“It’s the most challenging industry both intellectually and physically,” she said.
“There’s so much detail and you have to manage so many systems at once. It’s an amazing juggling act with the pastures, mechanics, irrigation and animals.”
Stephen has played his part in the industry by advocating for dairy research and development and supporting Dairy Australia’s regional development programs. He remains adamant Australia needs to do more research and development across all agricultural industries to ensure the country can meet world demand for more food.
Margot has been heavily involved in water services, including a Goulburn-Murray Water farmer representative group and as a director of Waterpool Co-op.
“My interest in geography led me to have an interest in the management of water as a resource,” she said.
The Henty farm has significantly reduced its loss of salt into the Murray River.
“We farm on a very saline high water table,” Margot said.
While the property has been operating as an irrigation farm for more than 100 years, it is the past decade that has been the most productive and environmentally sustainable in its long history.
Margot is also a strong advocate for women in dairy.
“Women are very much part of the team in dairy,” she said.
“They contribute physically as well as doing the books. One of the strengths of dairy is that it’s a team effort. It’s better to have two heads thinking of things than one.”
Stephen said he’s had the good fortune of coming onto a family farm and staying a long time.
“We’ve been able to live comfortably. You’ve got to work at it but there’s the potential to do well. There are a lot of people who’ve done very well out of dairying.”
Their three children work in research science, health promotion and physiotherapy and are unlikely to come back to the farm.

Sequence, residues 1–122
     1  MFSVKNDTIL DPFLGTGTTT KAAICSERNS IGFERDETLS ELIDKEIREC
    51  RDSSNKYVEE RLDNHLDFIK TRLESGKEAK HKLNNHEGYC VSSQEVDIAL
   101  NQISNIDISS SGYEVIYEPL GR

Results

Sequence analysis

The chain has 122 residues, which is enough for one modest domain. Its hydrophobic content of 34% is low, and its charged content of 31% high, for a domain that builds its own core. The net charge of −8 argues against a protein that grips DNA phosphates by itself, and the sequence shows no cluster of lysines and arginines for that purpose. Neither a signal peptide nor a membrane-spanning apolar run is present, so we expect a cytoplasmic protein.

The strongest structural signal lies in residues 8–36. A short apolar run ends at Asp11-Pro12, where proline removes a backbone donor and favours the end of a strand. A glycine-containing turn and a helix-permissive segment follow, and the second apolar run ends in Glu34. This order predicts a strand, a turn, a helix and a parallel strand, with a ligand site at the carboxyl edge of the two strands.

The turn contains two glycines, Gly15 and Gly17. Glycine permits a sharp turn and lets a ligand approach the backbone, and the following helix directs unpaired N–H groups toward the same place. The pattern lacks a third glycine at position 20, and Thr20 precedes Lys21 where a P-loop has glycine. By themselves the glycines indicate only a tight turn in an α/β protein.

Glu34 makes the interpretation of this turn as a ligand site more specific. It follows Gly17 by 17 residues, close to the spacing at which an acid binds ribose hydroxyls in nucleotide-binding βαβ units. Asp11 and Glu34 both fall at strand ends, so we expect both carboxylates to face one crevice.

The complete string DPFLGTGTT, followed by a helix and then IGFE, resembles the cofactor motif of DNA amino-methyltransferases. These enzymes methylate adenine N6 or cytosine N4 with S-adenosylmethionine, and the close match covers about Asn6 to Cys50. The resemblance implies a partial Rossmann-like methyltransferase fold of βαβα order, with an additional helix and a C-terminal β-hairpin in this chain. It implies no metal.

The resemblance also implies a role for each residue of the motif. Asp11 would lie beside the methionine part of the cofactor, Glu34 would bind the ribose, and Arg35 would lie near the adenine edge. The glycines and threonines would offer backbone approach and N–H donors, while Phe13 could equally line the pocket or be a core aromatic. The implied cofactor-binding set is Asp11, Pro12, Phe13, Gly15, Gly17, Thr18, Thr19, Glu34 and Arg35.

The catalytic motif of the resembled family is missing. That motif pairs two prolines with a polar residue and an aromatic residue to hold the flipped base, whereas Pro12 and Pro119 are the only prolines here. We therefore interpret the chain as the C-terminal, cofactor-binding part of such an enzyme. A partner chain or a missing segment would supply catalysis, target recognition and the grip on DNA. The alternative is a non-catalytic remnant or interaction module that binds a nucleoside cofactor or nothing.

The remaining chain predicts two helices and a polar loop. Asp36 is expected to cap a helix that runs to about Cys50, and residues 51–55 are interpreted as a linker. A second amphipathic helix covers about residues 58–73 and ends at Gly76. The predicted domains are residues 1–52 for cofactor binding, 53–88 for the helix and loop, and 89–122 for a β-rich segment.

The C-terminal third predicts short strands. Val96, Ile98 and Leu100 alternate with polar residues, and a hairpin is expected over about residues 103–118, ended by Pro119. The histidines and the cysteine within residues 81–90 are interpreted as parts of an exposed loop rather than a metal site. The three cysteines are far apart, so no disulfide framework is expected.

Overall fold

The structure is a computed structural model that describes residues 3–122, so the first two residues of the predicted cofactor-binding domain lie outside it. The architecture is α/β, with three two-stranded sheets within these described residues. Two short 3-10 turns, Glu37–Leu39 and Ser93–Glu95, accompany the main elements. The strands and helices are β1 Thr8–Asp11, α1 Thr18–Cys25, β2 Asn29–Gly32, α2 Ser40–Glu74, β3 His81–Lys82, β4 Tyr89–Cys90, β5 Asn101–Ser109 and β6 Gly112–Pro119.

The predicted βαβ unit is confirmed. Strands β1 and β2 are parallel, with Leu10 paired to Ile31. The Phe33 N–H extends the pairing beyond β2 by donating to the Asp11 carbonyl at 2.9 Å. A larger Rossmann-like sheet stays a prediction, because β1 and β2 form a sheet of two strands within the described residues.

Stephen said: “We’re still healthy enough to do the work, but the succession planning is a dilemma. Ideally we need to find a 30-year-old couple with kids who want to buy a dairy farm. We could take them on for a couple of years and show them the ropes and then slowly scale down.”
Stephen and Margot have one long-term employee, Stephen Baker, who does the morning and night milking, and a new apprentice, Damian Boyer.
The Hentys are strong supporters of the Legendairy initiative to raise the profile and reputation of the industry.
They describe themselves as “full-time professional dairy farmers”.
“Some people don’t realise that it is such a demanding industry that requires professional people,” Margot said.
“In the census there were 6000 dairy farmers in Australia but there were 60,000 professional sportspeople - and who gets all the publicity? We are a very small part of the nation’s population so it is a privilege only a few people have.”
“Legendairy is important for the industry and the products we produce,” Stephen added. “Anything to talk up the industry is good.”
It doesn’t take much to get Stephen to promote his own produce, which he says gives him a kick-start to the day and helps him to wind down at night.
“I’m a great consumer of the products,” he said. “I like a milkshake, flavoured milk, butter and cheese varieties and yogurts. We have to be mindful, we’re producing something that is beneficial,” he said.
“Despite food fads and junk food trends, dairy is a real food that is good for you, and something to be proud of producing.”
They are also positive about the future of the dairy industry.
“In this area at least we’ve got 12 months to make our income, unlike the croppers who can go from a good crop to nothing,” Stephen said.
“The messages we’re receiving about Asia and China are positive. We’re told if they drink two glasses of milk a day, we won’t have enough to supply them.”
So Stephen and Margot will keep on making that milk.
“It takes over your life,” Margot said. “Once you get involved you either fight it or roll with it. I went with it.”
“If the alarm wakes you up, it’s always a good start to the day,” Stephen added.